For those, like myself, who knew little to nothing about Walser, this collection not only serves as the perfect introduction, but will likely convert you to the Walser fan club. Most of the book consists of micro stories or these micro essays, sketches of landscapes and strange little ideas that appear to meander for the sake of meandering. Some of them read like unfinished ideas for future stories, but they are all manipulative and delightfully ambiguous. Sometimes it feels as if Walser writes in a secret code that seems understandable and legible to all, but only understood by his world of one, himself but they manage to create an undeniable pull on the reader. “Fritz Kocher’s Essays”, the best story in this very impressive collection, highlights his wide range of genius and talent. Written from the voice of a young teenage boy on topics given to him by his teacher, they are exercises in restraint and subtle subversion. On the assignment to write about “Man” Kocher writes:
Man should stand above his fellow creature, the animal, in all things. But even a foolish schoolboy can see people acting like irrational animals every day. Drunkenness is as hideous as a picture: why do people indulge in it? It must be because from time to time they feel the need to drown their reason in the dreams that swim in every kind of alcohol.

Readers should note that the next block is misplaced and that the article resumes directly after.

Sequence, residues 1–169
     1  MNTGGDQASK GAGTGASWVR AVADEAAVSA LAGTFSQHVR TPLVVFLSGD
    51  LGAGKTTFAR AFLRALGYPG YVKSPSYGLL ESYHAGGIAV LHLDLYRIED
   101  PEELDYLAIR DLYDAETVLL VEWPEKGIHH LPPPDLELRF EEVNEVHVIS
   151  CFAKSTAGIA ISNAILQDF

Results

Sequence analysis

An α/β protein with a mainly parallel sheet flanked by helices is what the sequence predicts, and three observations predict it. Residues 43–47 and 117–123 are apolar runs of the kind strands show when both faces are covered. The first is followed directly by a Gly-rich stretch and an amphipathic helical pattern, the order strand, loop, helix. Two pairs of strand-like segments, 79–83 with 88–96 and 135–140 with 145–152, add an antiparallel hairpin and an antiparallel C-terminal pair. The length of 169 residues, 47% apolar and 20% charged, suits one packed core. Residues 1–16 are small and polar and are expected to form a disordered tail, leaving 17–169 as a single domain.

Indeed there is something magical about his stories (if you can call them stories), and something of the magician in Walser and the persona he creates. To call stories magical, especially in contemporary culture, conjures up images of inspiration and warm fuzzy feelings. Walser, though, is a writer of dark, black magic. Deceptively simple, his truly singular voice creates layers of unnerving ambiguity. Regardless of the setting or the topic, Walser manages to lull you to sleep only to scream you awake with some subtle twist (“Drunkenness is as hideous as a picture”), something feels wrong amidst the obedience and serenity of his writing, but there is never any release, it is constant uncertainty and tension.
Past this, what makes Walser both uber-modernist and still important is the pervasive playfulness of his work. You can spend hours trying to take apart Walser’s stories and sentences, in trying to figure out what the stories are actually about, whether Walser means anything he says, trying to discriminate between ironic and genuine statements, or in trying to comprehend if any of what he writes is more than the playful imagination of a genius wordsmith. But after the sterile analysis, there’s an abiding feeling of pleasure in the presence of singular art, something that remains intact regardless of our abilities to categorize.